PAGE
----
Similar technology is being rolled out in the Netherlands, Spain and China as transport operators across the globe face dramatic drops in patronage due to infection fears and working-from-home arrangements.
Victoria’s public transport use dwindled to 9 per cent of normal levels at the height of the second lockdown, with the Andrews government understood to have paid Metro $56 million as part of a COVID-19 rescue package.
Monash University’s chair of public transport, Graham Currie, welcomed the trial, saying it was in line with international practice in managing public transport use during the pandemic.
“This is about building confidence in the network to make people feel reassured that they can avoid crowding,” Professor Currie said.
Commuters would be more able to make an informed decision about whether they wish to use public transport if they can access the network’s crowding levels, he said.
Public Transport Minister Ben Carroll said the trial would meet the needs of commuters looking to use the network as restrictions ease.
“The coronavirus pandemic has presented an opportunity for us to rethink how we travel around the state – we want these passenger modelling trials to help people travel more reliably and safely,” Mr Carroll said.
Four private technology providers are involved in the trial, Telstra Purple, Consat Telematics, Sage Technology and NTT data, which operates the Myki ticketing system.
The state’s PTV app was revamped on Monday, enabling users to manage their Myki cards through the app rather than queuing for over-the-counter transactions or top-up machines. It would also provide instant updates about disruptions as well as bus and train locations.
The Andrews government has separately said that it will spend $26 million on life extension works for A and Z-Class trams, as part of a $328 million investment in critical transport maintenance and upgrades announced earlier this year.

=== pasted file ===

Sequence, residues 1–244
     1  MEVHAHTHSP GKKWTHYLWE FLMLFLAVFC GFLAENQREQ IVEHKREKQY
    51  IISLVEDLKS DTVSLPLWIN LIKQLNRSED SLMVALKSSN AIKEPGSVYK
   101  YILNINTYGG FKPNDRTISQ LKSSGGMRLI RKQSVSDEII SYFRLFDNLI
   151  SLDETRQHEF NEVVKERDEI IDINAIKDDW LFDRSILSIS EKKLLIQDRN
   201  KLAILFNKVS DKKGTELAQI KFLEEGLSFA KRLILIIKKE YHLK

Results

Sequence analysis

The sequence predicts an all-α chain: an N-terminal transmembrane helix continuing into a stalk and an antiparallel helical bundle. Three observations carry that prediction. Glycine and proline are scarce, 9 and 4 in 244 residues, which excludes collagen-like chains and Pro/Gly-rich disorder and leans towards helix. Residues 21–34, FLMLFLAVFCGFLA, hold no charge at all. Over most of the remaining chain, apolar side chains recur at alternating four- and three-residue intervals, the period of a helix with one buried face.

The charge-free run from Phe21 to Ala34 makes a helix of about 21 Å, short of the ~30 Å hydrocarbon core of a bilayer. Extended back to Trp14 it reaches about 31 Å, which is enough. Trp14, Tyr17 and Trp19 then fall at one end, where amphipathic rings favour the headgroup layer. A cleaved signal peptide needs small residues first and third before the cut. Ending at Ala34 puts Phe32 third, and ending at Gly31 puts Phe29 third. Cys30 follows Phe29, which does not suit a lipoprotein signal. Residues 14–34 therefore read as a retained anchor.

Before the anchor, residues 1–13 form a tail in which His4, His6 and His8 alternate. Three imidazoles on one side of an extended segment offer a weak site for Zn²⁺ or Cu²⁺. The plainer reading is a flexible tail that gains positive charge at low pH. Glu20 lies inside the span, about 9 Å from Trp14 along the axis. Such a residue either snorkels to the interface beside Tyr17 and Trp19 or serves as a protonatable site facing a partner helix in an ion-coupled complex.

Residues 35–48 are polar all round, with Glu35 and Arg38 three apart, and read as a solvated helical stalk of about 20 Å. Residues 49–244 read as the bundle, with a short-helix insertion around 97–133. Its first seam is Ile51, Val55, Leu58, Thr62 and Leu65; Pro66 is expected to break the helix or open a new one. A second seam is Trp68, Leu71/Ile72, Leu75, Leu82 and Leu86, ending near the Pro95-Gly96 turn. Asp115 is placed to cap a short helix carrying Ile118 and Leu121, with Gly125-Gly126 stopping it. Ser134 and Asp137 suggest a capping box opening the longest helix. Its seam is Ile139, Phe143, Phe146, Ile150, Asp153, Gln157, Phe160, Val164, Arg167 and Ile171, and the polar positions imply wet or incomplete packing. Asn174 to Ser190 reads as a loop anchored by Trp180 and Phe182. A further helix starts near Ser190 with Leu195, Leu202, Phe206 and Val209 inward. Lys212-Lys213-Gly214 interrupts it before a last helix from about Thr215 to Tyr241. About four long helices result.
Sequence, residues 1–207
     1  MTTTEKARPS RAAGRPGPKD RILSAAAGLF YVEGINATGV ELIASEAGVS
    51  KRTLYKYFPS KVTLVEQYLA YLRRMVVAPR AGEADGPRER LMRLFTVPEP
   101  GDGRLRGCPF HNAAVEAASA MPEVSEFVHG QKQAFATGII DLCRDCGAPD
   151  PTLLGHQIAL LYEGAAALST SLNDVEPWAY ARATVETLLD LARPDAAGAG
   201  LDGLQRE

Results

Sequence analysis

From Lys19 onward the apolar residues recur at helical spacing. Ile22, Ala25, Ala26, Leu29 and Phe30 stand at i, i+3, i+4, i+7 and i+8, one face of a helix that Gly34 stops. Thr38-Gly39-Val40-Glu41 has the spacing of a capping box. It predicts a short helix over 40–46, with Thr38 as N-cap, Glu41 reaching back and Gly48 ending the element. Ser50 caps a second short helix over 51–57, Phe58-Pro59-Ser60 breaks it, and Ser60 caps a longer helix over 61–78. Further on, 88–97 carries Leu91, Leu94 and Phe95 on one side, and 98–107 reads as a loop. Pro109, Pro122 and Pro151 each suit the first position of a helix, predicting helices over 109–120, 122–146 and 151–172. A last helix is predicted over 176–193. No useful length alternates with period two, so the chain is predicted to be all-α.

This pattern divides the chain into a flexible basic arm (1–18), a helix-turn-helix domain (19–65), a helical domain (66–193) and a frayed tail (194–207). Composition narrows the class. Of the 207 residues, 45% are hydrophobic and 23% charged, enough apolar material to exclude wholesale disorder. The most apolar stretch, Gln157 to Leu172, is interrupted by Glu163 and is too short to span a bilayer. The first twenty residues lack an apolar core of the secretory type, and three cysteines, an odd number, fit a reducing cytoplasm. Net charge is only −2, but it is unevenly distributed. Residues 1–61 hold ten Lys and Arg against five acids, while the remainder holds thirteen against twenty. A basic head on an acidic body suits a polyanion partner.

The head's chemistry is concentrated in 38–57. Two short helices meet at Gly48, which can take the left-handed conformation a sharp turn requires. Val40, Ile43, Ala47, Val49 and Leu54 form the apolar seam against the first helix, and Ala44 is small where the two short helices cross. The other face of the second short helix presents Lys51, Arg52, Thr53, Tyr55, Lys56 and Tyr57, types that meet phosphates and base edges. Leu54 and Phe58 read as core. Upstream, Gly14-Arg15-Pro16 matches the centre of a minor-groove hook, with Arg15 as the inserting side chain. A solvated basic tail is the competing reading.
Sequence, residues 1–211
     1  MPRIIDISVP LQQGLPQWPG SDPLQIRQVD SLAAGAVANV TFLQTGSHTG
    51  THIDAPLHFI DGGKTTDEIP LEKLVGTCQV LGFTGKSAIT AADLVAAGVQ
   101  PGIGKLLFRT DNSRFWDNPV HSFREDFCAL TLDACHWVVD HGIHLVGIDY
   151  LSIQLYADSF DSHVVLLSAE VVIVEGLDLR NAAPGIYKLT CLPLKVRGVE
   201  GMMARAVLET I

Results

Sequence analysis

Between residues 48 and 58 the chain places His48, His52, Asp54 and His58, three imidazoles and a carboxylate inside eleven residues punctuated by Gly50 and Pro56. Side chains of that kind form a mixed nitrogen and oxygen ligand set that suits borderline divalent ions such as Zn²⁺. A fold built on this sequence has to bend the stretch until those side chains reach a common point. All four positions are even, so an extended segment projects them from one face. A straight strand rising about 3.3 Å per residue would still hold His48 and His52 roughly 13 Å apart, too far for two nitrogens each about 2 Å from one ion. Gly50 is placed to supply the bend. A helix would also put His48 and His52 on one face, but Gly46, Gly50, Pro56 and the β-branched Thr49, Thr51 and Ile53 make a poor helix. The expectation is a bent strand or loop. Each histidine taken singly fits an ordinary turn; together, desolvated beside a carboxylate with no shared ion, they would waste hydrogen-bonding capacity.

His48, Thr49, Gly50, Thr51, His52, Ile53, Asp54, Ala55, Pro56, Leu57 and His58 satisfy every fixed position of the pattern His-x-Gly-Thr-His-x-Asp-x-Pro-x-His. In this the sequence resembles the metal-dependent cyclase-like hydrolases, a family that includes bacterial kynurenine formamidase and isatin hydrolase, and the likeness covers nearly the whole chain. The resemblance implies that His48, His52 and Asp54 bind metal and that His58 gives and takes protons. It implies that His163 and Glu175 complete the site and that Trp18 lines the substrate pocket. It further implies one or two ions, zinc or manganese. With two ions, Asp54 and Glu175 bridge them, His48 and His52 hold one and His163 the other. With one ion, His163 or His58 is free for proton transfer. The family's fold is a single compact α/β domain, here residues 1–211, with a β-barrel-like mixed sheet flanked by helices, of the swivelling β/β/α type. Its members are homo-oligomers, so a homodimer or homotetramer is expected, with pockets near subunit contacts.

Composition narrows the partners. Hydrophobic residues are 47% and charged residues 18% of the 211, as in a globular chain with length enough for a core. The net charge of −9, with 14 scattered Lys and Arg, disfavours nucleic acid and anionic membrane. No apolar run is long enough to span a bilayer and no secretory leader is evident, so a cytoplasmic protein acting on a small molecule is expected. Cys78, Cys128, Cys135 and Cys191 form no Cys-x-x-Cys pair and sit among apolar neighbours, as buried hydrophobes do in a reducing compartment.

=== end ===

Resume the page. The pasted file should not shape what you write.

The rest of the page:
The works would maintain electrical, braking and traction systems on the trams running on 17 routes across Melbourne and making up a third of the city’s fleet.
The government has ordered 50 E-Class trams since 2015, with 89 of a total order of 100 trams now on the network.
It follows $145 million spent on 10 new E-Class trams and upgrades to 10 Z-Class trams allocated in the 2019/20 state budget.
The high-floor A and Z-Class trams were built by Comeng in the 1980s and can fit 105 and 112 passengers respectively, compared with 210 on the newer E-Class trams.
The Z class trams built in the 1970s – the Class 1 and 2 vehicles – have been retired, leaving 111 Z-Class 3 trams on the network. Victoria is currently running 69 A-Class trams.
Public Transport Users Association spokesman Daniel Bowen said some of the older trams were getting “pretty rundown” and required ongoing maintenance work.
But fresh orders for more low-floor, accessible and air-conditioned trams were needed to boost the quality of service while also providing more space for commuters to socially distance, Mr Bowen said.
“The challenge with public transport over the coming months is to make sure there will be enough capacity for people to stay physically distanced as they travel,” he said.
Timna Jacks is Transport Reporter at The Age